Xi’s contemporary desire for absolute political and social control also chimes with the CCP’s often highly centralised and – at its most extreme – totalitarian style of governance. A combination of these factors and volitions precipitated several major crises under Mao. 

These include the Great Leap Forward of 1958-62, an economic and social campaign intended to transform the Chinese economy through the rapid development of the country’s agrarian and industrial capabilities. The campaign aimed to leap across the capitalist stage of development and achieve a socialist society. It ended in complete failure due to bad weather, poor communication and ill-placed ideological zeal, which arrested economic growth, intensified a widespread famine (that killed between 20 and 45 million people), and resulted in extreme shortages of food, goods and products.

In turn, the 1966-76 Cultural Revolution sought to purify and preserve the ideology of the CCP in the form of hyper-Maoism, while purging any elements associated with former imperial China. The Gang of Four (which included Mao’s wife, Jiang Qing) further accelerated this radical commitment to the ideological purity of the CCP. In unison, the adherence and often-blind loyalty to Mao, resulted in widespread violence and instability across China. It also led to millions of people being persecuted, imprisoned and executed, as well as at least 1 million unnatural deaths and a badly malfunctioning economy. 

It is within this confluence of historical precedents and the present context, that the emergence of a damaging and even potentially catastrophic ‘Xi-Think’ is apparent. 

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Surrounded by unquestioning loyalists, ‘yes’ men and sycophants, China’s fortunes – and by extension the wider region and the world – will now depend largely upon Xi himself. His ego, personality and emotional impulses will become the key parameters within which policy is created and guided, rather than the rational pragmatic approach of earlier generations.

Xi’s insistence upon China’s frequently-impractical zero COVID policy points to obstinacy in times of crisis. The escalating protests across China are severely testing this approach. As the protests spread, they will force a doubling-down from the Chinese state via increased surveillance, enhanced social controls and the deployment of internal security forces – and potentially even the Chinese military – to reassert Xi’s and the CCP’s control.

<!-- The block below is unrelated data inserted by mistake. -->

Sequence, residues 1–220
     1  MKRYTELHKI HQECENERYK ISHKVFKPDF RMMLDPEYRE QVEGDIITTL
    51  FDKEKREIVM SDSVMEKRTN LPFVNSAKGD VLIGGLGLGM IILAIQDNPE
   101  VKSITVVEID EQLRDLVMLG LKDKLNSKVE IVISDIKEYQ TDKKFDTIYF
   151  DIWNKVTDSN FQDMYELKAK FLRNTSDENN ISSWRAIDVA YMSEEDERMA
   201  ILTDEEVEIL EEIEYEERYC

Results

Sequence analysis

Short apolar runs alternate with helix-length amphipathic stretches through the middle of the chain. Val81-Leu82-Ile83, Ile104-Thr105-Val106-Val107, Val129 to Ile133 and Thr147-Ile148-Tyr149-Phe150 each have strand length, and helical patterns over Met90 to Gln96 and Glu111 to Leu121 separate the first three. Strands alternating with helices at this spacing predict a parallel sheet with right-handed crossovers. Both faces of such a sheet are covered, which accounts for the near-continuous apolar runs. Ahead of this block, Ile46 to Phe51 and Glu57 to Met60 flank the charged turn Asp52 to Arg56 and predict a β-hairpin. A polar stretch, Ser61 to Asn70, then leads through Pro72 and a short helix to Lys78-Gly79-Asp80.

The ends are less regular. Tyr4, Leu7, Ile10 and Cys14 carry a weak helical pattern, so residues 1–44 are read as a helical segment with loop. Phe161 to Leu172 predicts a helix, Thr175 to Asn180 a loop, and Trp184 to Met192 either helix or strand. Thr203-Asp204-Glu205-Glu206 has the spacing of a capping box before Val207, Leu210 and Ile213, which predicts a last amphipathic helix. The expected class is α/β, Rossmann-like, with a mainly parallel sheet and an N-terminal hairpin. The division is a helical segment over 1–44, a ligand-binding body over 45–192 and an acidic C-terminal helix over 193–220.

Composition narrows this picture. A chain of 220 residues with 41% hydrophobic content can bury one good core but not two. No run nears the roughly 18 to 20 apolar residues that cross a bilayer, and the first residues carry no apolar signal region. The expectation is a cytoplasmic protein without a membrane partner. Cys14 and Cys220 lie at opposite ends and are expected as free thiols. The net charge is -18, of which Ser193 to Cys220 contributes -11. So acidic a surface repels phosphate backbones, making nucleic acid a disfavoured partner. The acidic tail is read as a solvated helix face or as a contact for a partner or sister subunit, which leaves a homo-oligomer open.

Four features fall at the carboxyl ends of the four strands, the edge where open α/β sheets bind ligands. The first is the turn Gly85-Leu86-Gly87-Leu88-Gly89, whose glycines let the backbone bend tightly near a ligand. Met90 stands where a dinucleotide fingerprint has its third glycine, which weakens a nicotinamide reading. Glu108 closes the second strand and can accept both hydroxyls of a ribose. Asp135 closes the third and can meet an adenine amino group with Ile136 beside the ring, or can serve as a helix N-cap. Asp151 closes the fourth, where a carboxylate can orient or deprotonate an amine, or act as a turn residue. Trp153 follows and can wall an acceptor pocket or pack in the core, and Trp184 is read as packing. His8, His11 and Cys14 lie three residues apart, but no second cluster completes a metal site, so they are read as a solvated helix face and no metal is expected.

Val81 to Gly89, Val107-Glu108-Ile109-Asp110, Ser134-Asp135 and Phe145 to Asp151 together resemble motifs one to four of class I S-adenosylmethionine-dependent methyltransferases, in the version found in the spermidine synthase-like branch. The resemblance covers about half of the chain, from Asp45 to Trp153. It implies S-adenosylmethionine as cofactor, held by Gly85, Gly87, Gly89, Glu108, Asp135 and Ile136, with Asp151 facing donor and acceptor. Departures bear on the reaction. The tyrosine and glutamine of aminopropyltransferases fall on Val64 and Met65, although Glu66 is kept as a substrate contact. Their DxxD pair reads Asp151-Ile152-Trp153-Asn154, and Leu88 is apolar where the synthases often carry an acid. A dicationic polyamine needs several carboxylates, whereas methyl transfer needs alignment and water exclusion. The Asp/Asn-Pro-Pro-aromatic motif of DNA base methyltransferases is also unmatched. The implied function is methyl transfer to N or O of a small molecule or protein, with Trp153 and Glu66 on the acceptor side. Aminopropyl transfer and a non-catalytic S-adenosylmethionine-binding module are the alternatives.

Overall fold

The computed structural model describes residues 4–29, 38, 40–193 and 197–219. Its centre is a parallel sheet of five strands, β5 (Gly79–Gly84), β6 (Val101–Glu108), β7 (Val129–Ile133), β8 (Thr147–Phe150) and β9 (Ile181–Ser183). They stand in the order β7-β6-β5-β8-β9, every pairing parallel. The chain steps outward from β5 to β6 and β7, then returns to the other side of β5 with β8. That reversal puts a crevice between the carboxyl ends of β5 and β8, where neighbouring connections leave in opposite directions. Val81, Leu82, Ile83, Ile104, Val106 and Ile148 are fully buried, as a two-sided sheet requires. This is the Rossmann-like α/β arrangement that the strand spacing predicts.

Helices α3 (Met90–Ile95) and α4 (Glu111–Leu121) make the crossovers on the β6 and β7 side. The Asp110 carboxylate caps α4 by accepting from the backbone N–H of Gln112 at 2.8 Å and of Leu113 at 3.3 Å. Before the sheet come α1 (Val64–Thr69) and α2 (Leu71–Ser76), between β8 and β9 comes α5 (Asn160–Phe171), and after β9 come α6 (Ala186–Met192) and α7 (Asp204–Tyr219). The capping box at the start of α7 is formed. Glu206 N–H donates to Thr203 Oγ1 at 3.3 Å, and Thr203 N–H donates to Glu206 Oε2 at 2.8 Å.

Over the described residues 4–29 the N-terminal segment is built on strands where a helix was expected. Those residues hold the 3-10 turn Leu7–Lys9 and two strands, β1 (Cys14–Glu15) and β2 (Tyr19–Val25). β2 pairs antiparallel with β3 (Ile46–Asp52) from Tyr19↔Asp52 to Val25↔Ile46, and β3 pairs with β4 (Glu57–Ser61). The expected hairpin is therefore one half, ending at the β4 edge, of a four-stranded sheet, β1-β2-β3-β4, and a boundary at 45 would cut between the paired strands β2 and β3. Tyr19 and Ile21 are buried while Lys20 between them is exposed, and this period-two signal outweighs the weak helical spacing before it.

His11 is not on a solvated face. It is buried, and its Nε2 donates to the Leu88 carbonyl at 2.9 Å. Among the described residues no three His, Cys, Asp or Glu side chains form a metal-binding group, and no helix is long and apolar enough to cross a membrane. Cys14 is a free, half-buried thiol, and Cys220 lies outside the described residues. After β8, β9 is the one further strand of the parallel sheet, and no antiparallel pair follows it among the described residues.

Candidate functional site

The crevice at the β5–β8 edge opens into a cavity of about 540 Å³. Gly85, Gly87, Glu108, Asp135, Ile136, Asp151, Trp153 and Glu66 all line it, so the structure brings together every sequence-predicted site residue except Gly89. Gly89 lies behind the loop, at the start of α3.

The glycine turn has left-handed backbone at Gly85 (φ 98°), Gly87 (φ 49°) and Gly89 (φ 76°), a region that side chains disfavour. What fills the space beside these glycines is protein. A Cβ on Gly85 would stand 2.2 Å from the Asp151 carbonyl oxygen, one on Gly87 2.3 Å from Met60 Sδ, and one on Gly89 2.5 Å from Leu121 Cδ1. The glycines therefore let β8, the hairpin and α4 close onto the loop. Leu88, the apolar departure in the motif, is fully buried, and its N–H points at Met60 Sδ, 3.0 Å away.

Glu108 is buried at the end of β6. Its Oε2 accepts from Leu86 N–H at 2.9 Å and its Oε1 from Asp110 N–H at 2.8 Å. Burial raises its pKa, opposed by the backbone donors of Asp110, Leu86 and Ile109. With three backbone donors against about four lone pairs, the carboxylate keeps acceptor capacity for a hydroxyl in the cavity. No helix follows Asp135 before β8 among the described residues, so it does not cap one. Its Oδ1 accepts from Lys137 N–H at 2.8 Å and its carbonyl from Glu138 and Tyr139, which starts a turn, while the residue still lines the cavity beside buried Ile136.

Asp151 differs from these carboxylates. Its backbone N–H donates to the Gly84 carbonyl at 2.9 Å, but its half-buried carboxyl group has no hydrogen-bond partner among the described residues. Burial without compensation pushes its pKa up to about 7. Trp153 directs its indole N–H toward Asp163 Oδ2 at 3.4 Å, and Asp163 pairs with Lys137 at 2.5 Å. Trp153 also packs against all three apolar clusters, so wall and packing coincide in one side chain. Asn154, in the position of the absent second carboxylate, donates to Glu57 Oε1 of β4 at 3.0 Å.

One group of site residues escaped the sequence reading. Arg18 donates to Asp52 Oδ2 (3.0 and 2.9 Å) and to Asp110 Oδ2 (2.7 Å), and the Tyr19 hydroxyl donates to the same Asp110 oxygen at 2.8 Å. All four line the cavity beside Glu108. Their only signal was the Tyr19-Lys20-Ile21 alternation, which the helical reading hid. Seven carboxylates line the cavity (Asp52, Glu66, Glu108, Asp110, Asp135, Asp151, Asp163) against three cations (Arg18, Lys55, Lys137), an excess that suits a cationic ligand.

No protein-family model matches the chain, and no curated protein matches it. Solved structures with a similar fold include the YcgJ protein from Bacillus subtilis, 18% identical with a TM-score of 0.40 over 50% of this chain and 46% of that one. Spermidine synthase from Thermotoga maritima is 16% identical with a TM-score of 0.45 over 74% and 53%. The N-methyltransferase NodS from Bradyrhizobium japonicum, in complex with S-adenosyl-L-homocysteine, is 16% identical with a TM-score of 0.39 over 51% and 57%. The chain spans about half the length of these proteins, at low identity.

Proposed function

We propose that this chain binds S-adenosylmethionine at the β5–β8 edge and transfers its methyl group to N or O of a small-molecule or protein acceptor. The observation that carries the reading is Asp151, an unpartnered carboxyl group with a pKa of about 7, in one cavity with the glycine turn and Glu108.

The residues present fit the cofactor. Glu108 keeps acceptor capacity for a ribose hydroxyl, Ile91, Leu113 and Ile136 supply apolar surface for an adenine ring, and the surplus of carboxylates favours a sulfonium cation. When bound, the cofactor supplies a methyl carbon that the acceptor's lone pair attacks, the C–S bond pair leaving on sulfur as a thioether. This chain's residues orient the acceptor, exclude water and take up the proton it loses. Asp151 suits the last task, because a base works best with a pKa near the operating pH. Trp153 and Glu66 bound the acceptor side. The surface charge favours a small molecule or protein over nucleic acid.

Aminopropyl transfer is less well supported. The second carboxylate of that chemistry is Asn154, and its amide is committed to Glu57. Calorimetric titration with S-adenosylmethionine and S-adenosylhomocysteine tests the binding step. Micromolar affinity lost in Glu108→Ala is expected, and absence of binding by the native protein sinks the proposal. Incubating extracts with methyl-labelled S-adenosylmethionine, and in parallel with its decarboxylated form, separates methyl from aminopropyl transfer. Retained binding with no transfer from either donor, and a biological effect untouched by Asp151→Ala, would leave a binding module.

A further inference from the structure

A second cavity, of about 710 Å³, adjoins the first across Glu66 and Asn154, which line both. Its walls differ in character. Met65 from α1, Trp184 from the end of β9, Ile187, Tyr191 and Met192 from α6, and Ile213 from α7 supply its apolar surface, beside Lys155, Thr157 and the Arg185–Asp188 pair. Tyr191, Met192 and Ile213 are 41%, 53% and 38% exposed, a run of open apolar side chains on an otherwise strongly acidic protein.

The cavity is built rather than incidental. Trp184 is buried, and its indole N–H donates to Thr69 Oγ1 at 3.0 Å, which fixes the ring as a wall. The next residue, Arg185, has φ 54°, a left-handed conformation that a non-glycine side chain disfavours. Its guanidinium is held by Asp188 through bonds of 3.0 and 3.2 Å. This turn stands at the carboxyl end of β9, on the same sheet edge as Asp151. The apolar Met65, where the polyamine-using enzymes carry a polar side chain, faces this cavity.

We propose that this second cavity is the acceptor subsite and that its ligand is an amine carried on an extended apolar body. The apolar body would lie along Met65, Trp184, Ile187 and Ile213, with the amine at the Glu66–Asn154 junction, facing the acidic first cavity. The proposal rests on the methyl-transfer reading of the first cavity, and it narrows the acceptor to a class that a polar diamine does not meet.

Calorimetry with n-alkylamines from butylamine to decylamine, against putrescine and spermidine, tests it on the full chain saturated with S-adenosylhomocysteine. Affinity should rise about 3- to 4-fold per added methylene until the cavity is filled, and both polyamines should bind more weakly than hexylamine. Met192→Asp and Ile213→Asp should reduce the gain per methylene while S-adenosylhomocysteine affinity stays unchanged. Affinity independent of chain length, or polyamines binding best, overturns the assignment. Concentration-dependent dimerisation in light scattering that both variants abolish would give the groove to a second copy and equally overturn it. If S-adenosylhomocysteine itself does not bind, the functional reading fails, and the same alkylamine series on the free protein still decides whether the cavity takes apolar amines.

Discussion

This mindset will be further tested through critical foreign policy issues, such as the CCP’s historical mission to re-take Taiwan or the South China Sea, or escalating great power competition with the US. 

Dealing with such issues are being compounded by a serious economic downturn, which appears evermore likely in light of China’s property market collapse and growing youth unemployment.

Under mounting pressure, and with few dissenting voices, Xi may feel forced to unleash nationalist sentiments to deflect criticism and regain legitimacy. In such a scenario, military action against Taiwan would be more likely, which could precipitate regional instability that may escalate to include the US and her key regional security allies, such as Japan and South Korea. The wider consequences would be a sharp global economic depression, perhaps catalysing instability elsewhere.

The various political factions in China that have been cast aside by Xi’s recent power grab will also be disgruntled by their effective removal from power.  In this context, the possibility for internal instability will mount and mount, resulting in – perhaps multiple – coup attempts to reassert a more representative CCP. If the anti-lockdown protests become truly national and endemic, the possibility for a coup will increase exponentially, especially if CCP legitimacy is openly questioned. This may precipitate an extended period of tumult for both China and the wider Asian region, as well as the decline of its economy, which will have many serious global repercussions.

In the longer-term, Xi’s actions also point to a serious future crisis for the CCP in terms of who will become his eventual successor, and whether they will share his appetite for absolute power. Together, these factors may provoke another Great Leap Forward, Cultural Revolution, or worse.

As tensions mount, Xi and the CCP may end up seeing a national totalitarian crackdown as the only effective way to respond to such mounting domestic uncertainties.

For these reasons, the world, China and the CCP would be wise to remember Mao’s adage that “a single spark can start a prairie fire”, which now may be personified by Xi Jinping.

Chris Ogden is a senior lecturer in International Relations at the University of St Andrews and the author of The Authoritarian Century: China’s Rise and the Demise of the Liberal International Order

This article was previously published in German here